AFFORDABLE REQUIREMENTS ORDINANCE (ARO) FAQ’S
This Q and A does not replace the counsel of an attorney. There are a number of pending changes to the ordinance being considered by the Chicago City Council and substantive pieces of even this Q and A may be modified or nullified as a result. Refer to the City Clerk of Chicago for the most recent ordinance or contact us directly if you have questions or concerns
What is the Affordable Requirements Ordinance (ARO)?
The ARO is designed to economically blend rental or owner occupied market rate developments to allow for occupancy by qualified individuals or families at an affordable rate. It impacts new or existing residential developments which add 10 or more units and require new zoning, city land purchase or city financial assistance.
How is affordability defined?
Affordability is defined in a number of ways. For rental, housing that is affordable means a household earning up to 60% of the area median income. For owner occupied housing, housing that is affordable means an applicant earns up to 100% of the AMI. This changes if the subject RENTAL property is funded by TIF (Tax Increment Financing). In that case the AMI drops to 50%; and for owner occupied it drops to 80% of AMI. Units are required to remain affordable for 30 years. If the owner occupies the unit for a continuous period of 30 years the city will release the affordable housing agreement.
Who calculates the AMI?
AMI is determined on an annual basis by HUD and is the median household income for the Chicago Primary Metropolitan Statistical Area.
Is the ARO a new concept?
No. The ARO first became an ordinance in 2007. The 2015 ARO updates the 2007 framework, increasing in-lieu fees and changing a number of definitions and criteria.
The 2007 ARO had the same rates for developer in lieu fees city wide. How does the 2015 ARO change this?
In 2007, a developer could pay an in lieu fee of $100k if they do not develop affordable units on site. The 2015 ARO substantially changes that framework. First the developer, depending on where the subject property is, can provide affordable units on site or provide off site units in linked developments elsewhere. Secondly, depending where the subject property is, the developer must pay an in lieu fee ranging from $50,000 to as much as $225,000 per unit not built on or off-site. This number will be adjusted annually based on the CPI.
Does this impact “As of Right Developments”?
No. The ordinance only impacts new developments of 10 or more units that are re-zoned, purchase City Owned Land or get City financial assistance. However existing buildings that convert to residential use with 10 or more units, that expand the existing unit count by 10 or more units, are mixed use where 10 or more units are added after the fact, and where the developer has received city land or financial assistance are subject to the ordinance.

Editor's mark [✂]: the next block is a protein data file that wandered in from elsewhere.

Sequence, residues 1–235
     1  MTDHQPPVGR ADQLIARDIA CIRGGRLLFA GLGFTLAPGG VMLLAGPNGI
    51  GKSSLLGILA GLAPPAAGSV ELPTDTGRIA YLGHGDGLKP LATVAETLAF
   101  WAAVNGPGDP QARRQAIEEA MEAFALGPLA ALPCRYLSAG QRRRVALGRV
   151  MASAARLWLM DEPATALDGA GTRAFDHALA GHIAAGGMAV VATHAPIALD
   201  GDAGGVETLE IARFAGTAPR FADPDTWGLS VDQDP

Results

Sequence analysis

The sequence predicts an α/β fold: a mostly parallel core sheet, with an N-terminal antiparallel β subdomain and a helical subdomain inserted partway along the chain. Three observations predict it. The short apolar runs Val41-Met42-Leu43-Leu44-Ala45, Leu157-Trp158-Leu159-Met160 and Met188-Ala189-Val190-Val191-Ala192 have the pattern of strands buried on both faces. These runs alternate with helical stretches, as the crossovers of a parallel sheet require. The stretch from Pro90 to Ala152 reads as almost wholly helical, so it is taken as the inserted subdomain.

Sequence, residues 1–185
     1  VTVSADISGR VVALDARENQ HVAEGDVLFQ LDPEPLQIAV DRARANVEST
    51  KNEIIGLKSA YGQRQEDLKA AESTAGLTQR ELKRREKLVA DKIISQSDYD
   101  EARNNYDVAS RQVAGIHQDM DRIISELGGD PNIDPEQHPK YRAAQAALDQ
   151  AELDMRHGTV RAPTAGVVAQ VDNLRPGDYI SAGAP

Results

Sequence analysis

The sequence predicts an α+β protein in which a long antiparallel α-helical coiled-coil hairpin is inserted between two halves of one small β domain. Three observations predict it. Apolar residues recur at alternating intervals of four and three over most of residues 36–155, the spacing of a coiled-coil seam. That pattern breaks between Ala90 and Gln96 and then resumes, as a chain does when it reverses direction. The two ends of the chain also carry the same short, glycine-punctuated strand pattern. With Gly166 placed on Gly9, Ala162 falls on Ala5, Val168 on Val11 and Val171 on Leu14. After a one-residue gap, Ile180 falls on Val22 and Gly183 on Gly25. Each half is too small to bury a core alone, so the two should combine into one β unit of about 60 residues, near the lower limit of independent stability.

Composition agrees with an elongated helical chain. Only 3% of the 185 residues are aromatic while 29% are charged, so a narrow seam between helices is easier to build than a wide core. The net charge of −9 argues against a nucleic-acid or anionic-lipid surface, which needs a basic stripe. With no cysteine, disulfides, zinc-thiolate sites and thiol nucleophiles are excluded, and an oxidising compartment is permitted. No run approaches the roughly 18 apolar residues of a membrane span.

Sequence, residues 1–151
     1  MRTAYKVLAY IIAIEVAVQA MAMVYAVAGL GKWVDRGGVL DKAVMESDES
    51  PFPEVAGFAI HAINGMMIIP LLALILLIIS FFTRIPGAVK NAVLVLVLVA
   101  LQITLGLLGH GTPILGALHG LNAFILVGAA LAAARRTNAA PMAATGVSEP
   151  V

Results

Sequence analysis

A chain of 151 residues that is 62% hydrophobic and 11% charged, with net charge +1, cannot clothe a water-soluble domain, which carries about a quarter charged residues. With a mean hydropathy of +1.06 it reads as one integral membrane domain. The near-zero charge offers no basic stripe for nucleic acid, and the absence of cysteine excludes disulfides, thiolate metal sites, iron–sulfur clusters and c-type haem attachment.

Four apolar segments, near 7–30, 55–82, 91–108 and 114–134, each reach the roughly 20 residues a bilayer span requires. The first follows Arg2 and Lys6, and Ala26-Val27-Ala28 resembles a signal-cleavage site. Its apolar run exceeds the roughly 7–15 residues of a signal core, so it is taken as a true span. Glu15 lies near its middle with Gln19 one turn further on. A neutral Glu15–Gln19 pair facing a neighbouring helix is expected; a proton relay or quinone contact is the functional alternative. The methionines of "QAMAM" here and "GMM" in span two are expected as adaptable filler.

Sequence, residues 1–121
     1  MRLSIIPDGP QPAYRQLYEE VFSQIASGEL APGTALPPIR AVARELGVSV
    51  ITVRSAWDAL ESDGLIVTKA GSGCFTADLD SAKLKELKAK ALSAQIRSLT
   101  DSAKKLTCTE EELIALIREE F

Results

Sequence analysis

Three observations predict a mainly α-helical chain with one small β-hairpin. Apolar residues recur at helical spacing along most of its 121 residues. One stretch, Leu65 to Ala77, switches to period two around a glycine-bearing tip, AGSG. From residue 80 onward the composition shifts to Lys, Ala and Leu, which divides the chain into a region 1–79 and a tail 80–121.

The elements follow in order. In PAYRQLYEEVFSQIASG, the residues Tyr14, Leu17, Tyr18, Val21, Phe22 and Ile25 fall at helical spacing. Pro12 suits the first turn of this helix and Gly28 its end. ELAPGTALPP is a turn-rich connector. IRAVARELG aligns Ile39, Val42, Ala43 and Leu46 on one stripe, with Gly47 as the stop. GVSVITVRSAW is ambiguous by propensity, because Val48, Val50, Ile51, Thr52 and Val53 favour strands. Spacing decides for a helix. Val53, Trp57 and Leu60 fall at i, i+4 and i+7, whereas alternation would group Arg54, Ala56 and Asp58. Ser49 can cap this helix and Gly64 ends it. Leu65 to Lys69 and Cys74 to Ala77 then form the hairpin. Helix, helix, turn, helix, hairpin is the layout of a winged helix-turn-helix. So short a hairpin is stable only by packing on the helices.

How does a developer comply with the ordinance?
The answer depends on where the subject property is.
In low-moderate income areas a developer must provide 25% of the required affordable units on site or pay a $50k per unit in lieu fee or a combination thereof. In a higher income area, a developer must provide at least 25% of the affordable units on site or off-site through Linked Development. The fee was increased to $125,000. This fee can be reduced to $100k if 25% of the units required are sold to an authorized agent, such as the CHA. If the units are developed off-site, they must be in the same or a different higher income area or downtown district. Downtown district rules change by use. For RENTAL units, the developer must provide 25% of the required units on-site or off-site. The developer may build the units on site or off-site or pay the in-lieu fees or any combination thereof. The in lieu fees start at $140,000 but will increase to $175,000 one year after publication. Provided that if the developer sells or leases at least 25% of the affordable units to an authorized agency (like CHA)in lieu fees are reduced to a range starting at $115,000 per unit and then one year after publication the in-lieu fee is raised to $150,000. For Owner Occupied Units, the developer must provide 25% of the required units on-site or off-site. The developer may build the units on site or off-site or pay the in-lieu fees or any combination thereof. The in lieu fees start at $140,000 but will increase to $175,000 after one year of publication. Provided that if the developer sells or leases at least 25% of the affordable units to an authorized agency (like CHA)in lieu fees are reduced to a range starting at $115,000 per unit and then one year after publication the in-lieu fee is raised to $150,000. If the developer elects not to provide units on site, the fee will be $160,00 per unit and will increase to $225,000 per unit thereafter.
Where does all the in-lieu fees go to?
The in lieu fees go to the Affordable Housing Opportunity Fund to be used 50% for new construction and 50% for rental assistance.
How will an affordable unit differ from a market unit?
Affordable units will be reasonably dispersed throughout the building.
Affordable units will be comparable to market rate units in terms of unit type, number of bedrooms, exterior appearance and energy efficient but may have different interior finishes and features. The Affordable units will have access to all on site amenities and functionally equivalent parking.